That’s actually a really hard question to answer, because a lot of the submissions we received were very different from each other. We did receive quite a few pieces that we did not feel were fully developed yet, and at that point it’s really easy to decide that it’s not the right time to publish, both for Superstition Review and the author.

What was the strangest submission you read/reviewed?

In the realm of fiction, there isn’t really a lot that I would consider strange, because it’s an arena where anything goes. Otherwise, it’s not art.

Please sum up what you’ve gained from your internship this semester. Do you feel like you have a better grasp on editing? Literary magazines? Why?

This internship was my first experience with literary magazines from the inside. I know what it’s like to submit to one, but it’s comforting to now know what goes on behind the scenes. You learn how to navigate your audience better, working for one. It was definitely a great experience.

How has editing impacted your own writing?

Reading always affects writing, and I’ve read more literary fiction through this internship than I had before.

What were some of the obstacles you faced in preparing for Issue 9?

Mostly it was just the decisions on which stories to publish and which ones you had to say “no” to. Those were really, really difficult decisions.

Meet the Review Crew: Caitlin Demo

Each week we will be featuring one of our many talented interns here at Superstition Review.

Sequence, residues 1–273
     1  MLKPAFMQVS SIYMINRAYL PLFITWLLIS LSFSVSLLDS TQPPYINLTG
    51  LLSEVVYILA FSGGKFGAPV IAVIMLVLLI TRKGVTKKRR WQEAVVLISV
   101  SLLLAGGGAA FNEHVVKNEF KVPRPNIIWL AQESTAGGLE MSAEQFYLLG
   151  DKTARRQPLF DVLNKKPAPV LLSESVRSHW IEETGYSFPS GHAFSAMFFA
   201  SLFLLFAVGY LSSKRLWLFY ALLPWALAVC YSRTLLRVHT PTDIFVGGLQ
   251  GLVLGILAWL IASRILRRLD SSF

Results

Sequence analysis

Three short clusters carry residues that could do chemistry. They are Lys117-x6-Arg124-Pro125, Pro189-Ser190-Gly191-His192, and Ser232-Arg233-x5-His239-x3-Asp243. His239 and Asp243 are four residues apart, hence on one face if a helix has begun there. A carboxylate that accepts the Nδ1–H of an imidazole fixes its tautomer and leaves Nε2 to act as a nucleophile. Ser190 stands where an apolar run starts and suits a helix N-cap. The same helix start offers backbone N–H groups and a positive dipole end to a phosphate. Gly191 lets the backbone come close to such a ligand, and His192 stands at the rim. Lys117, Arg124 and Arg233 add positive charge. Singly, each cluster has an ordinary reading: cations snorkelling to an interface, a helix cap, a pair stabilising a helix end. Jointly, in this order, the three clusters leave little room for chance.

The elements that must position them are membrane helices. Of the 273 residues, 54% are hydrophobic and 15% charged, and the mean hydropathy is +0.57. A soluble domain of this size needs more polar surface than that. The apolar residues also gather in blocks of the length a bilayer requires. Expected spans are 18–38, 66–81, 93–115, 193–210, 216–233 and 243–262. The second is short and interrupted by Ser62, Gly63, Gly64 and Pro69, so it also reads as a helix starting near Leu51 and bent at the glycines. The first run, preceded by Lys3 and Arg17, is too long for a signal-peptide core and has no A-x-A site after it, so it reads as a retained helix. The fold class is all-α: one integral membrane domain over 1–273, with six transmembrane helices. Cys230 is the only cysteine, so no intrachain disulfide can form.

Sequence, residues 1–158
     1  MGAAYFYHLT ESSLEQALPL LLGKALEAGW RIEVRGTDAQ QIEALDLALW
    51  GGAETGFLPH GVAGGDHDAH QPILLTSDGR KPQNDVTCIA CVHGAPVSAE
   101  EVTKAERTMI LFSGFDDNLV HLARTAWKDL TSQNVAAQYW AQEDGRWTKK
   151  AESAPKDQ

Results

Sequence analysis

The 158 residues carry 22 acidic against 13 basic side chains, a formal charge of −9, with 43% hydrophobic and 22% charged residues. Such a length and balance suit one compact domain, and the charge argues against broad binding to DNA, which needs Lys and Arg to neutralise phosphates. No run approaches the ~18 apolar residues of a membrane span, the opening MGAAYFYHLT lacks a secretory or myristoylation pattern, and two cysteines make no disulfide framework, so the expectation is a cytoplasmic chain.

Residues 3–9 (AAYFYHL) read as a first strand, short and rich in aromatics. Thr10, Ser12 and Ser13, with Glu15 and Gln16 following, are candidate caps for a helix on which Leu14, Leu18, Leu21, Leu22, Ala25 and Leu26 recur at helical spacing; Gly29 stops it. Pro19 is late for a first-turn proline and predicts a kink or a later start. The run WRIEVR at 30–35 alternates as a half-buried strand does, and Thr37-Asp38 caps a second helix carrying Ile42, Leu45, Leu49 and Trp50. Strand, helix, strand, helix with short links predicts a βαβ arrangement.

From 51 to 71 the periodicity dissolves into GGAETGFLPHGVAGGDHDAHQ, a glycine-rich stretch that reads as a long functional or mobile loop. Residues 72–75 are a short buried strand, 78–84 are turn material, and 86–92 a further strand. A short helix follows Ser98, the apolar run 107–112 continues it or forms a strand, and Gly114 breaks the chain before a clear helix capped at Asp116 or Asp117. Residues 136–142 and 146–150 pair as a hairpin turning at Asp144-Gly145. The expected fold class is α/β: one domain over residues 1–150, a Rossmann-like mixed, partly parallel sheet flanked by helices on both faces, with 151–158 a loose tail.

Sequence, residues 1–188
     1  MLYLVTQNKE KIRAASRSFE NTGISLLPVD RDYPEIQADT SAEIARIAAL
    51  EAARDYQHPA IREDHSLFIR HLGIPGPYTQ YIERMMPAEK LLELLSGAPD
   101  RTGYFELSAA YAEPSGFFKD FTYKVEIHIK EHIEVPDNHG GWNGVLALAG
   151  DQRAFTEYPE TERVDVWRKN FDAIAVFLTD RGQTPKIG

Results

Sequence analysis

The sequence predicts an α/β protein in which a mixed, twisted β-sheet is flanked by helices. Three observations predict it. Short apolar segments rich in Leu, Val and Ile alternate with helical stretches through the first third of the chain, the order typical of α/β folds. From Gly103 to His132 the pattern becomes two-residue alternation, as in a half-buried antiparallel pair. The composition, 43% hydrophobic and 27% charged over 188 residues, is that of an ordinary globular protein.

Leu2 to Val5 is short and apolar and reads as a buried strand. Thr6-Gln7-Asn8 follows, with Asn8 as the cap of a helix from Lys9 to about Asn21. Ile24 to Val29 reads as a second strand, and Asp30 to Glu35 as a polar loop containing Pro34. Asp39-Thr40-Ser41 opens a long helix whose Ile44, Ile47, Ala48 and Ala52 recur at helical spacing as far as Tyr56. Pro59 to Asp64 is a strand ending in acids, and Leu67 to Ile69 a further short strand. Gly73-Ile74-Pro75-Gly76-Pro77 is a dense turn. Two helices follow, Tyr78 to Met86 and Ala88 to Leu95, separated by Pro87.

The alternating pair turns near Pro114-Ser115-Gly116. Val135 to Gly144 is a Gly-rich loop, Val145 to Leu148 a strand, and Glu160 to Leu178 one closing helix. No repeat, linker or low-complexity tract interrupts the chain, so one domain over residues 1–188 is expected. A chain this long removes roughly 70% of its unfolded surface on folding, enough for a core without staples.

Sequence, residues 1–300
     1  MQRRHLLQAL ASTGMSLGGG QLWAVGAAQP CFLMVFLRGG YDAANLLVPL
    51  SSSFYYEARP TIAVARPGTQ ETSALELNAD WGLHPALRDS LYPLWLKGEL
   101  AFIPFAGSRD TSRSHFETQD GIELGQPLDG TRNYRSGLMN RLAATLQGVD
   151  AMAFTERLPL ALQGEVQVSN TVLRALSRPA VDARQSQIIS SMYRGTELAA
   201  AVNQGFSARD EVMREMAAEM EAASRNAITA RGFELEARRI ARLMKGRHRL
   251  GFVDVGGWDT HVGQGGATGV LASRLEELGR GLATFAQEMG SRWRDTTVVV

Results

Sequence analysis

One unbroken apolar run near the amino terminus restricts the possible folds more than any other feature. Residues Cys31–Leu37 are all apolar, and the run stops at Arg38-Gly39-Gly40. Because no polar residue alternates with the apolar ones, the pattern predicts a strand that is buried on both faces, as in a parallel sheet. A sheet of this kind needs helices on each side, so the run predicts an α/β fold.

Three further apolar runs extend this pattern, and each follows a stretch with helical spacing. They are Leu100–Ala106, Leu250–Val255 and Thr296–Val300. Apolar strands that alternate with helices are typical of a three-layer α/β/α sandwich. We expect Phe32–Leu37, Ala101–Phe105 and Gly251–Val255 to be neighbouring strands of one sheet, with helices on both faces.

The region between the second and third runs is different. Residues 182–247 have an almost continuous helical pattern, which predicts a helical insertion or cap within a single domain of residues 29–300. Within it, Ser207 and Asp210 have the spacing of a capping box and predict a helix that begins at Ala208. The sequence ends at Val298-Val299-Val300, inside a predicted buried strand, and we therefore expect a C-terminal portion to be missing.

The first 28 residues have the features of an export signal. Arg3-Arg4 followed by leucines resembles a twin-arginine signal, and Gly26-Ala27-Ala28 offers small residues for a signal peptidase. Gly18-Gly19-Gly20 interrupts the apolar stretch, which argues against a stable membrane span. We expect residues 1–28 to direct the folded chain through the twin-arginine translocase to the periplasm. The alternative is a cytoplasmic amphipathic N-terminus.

Caitlin Demo is a Nonfiction editor at Superstition Review and a senior at Arizona State University. She will be graduating in May with a major in Creative Writing (with a specialization in Fiction) and two minors in French and Political Science. She is hoping to be accepted into the MFA program at Arizona State and then to escape the heat of Arizona summers.

Caitlin has lived most of her life in Arizona, but the allure of big city life has been calling her name. Living in the beautiful San Francisco bay or the bustling streets of New York City has been a constant dream of hers. After school, Caitlin is packing her bags and plans to become a well-seasoned traveler, especially abroad.

Caitlin’s intimacy with literary magazines and the world of short fiction has been instructed both at Arizona State and particularly at Superstition Review. She has limited knowledge about individual magazines, but through these two avenues she has come to realize that it is a wide and ever-expanding field. Her interest in writing is mainly focused around prose, but in reading she is drawn to flash fiction and poetry.

If she had to live the rest of her life with only a handful of books, she would need Augusten Burroughs’ memoirs, Jane Austen’s collected works, Hemingway’s short stories, Fitzgerald’s novels and Allen Ginsberg’s poetry.

This is her first semester with Superstition Review, but she looks forward to plunging further into the literary publishing world. She’ll be the girl in high heels.

Give to Copper Canyon Press May 2

Here’s an excellent opportunity to support one of the nation’s most important publishers of poetry. We’re going to give tomorrow. We hope you will too.

Copper Canyon Press: A nonprofit publisher dedicated to poetrySupport Us on MAY 2. GiveBIG!

You can make a big impact on Copper Canyon Press tomorrow.
Thank you for considering a gift to Copper Canyon Press. Tomorrow’s Give BIG day is a great time to give, because:

Your contribution to Copper Canyon Press will be stretched by the Seattle Foundation and then doubled by the Lannan Foundation.

The easiest way to give: Please Bookmark our Seattle Foundation profile and donate there tomorrow.

All gifts will be matched 100% by the Lannan Foundation in support of the W.S. Merwin Legacy Fund. Your gift will help us fund W.S. Merwin’s next six books and keep his life’s work in print.

With Gratitude,

Michael Wiegers
Executive Editor
Copper Canyon Press